Sonoma Makes Wine, Napa Makes Auto Parts: The Decision
It seems unfair to judge these two wine country greats by visiting so few wineries, but we chose only three wineries in Napa Valley and the same in Sonoma for what we felt was a sound reason.
Too many wineries equal too much time driving, drinking too much wine and subsequently clouded reasoning in judging the experience (to say nothing of a possible DUI ticket). Hurrying from one winery to the next will likely detract from the overall touring experience and again, a possible ticket.
A challenge in touring multiple wineries is that most wineries start with lighter, crisper white wines and end the tastings with the heavier tannin bearing reds. Tannins are the pucker component of red wines derived from the seeds, stem and skin of the wine grapes. Depending on the tannin levels of the last wine sample, it can be some time before you can unscrew your mouth and actually taste anything with a lighter bouquet.
A more serious complication in this comparison was that wineries in both regions very often draw on vineyards in other regions depending on their production needs so that the bottle contents can be a blend from other areas – for example the Livermore or Monterey regions. Also take into consideration that the number of growers in either region greatly outnumbers that of the wineries themselves meaning that the grapes used in production possibly came from an independent grower used by multiple wineries. Grape sourcing can be a complicated process and is usually explained, at least in abstract, on the label.
With that in mind, it’s almost impossible to accurately and fairly declare a winner using only the wines as the metric in our comparison of these two regions. We had to change our evaluation to include the total touring experience rather than focusing solely on the wines. Our experiences with dining, shopping and the scenic quality of the tour needed to be considered.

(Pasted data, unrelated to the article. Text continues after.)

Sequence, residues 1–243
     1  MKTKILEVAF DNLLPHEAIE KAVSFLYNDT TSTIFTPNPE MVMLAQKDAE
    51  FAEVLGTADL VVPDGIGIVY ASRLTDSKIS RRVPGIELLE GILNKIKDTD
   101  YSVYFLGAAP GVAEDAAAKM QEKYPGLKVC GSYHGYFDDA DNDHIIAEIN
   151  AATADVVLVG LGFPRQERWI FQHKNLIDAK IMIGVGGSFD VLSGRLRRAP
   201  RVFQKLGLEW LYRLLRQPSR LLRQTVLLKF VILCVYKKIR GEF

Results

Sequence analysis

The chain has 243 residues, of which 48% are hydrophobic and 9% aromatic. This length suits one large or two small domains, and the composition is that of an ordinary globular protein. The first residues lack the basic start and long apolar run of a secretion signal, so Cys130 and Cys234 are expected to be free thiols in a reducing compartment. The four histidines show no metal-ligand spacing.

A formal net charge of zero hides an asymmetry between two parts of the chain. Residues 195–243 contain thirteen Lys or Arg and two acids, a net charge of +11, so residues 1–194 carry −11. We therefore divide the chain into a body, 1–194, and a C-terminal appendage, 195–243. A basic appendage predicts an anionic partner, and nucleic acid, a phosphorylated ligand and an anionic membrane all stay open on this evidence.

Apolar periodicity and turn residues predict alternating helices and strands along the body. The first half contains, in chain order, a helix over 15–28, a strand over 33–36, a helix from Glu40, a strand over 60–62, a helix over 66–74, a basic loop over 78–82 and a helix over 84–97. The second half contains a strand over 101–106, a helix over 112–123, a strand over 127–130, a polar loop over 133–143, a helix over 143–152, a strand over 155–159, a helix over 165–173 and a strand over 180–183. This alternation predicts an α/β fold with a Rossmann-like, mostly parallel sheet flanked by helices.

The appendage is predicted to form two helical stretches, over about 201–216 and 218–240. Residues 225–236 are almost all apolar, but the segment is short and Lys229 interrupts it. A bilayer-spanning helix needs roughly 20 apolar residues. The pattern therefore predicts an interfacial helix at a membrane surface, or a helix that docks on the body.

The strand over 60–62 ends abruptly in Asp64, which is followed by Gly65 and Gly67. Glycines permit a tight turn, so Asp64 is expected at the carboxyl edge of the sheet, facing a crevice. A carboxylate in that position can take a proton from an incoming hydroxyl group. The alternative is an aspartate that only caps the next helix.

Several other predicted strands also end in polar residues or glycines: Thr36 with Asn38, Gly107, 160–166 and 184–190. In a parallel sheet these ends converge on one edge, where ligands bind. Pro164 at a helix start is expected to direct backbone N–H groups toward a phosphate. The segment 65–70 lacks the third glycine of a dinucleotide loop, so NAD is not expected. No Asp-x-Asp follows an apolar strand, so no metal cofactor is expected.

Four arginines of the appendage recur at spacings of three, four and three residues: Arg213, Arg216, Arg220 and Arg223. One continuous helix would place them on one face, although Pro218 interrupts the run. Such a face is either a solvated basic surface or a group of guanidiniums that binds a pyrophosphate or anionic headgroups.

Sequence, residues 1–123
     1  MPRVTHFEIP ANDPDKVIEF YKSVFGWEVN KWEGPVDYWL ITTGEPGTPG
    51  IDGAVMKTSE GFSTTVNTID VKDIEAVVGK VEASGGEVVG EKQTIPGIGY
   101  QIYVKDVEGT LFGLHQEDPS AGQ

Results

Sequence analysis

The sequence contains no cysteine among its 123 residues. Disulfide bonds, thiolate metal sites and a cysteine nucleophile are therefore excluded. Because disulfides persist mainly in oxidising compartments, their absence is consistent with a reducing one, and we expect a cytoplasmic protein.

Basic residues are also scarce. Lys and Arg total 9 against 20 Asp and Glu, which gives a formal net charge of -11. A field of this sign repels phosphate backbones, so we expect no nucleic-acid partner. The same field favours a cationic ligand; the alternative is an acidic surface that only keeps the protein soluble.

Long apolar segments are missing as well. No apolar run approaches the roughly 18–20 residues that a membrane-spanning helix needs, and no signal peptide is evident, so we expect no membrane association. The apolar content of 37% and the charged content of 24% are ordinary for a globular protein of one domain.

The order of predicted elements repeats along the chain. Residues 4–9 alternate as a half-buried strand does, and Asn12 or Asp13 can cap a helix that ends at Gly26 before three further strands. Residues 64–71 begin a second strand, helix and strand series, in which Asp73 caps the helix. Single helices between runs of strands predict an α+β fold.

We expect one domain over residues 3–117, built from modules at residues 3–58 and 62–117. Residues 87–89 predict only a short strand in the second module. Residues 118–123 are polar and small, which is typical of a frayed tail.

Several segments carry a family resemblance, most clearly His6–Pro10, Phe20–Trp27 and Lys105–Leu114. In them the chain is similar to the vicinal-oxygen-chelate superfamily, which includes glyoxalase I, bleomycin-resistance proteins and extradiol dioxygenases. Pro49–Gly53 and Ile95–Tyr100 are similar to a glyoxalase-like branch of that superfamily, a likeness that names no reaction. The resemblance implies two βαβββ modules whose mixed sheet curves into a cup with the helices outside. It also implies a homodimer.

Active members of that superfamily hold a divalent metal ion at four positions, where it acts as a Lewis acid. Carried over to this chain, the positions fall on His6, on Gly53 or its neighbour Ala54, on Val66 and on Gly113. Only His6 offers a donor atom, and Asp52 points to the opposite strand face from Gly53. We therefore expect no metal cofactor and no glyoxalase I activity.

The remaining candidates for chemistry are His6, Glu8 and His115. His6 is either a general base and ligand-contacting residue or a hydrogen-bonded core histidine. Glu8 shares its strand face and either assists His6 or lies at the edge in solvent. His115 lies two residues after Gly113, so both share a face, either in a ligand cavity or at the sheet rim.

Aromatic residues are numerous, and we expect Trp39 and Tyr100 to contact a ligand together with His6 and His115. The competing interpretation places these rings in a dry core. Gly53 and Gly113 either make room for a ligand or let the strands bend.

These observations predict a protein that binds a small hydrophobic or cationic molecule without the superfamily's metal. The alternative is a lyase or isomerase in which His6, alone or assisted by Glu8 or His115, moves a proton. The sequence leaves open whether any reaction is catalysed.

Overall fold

On the Napa run, we ate lunch at Downtown Joe’s Brewery and Restaurant. Situated along the banks of the Napa River, it made a relaxing stopping point for lunch. Food was good and reasonably priced. Service was very good and best of all- they offered Dogfish Head’s Bitches Brew in the bottle.
For the Sonoma run we ate lunch at The Girl and The Fig in the Sonoma Square Plaza. Food and service were awesome and moderately priced. Making reservations is recommended. Sonoma wins the first round.
The scenic route award would definitely go to Napa’s Highway 29 north of town. Sonoma’s main connector to the wine region is California Highway 101, a yucky, common concrete multi-lane freeway.
The overall winner of the tour turns out to be Sonoma but with Napa placing such a close second, I can’t imagine excluding it from future tasting tours.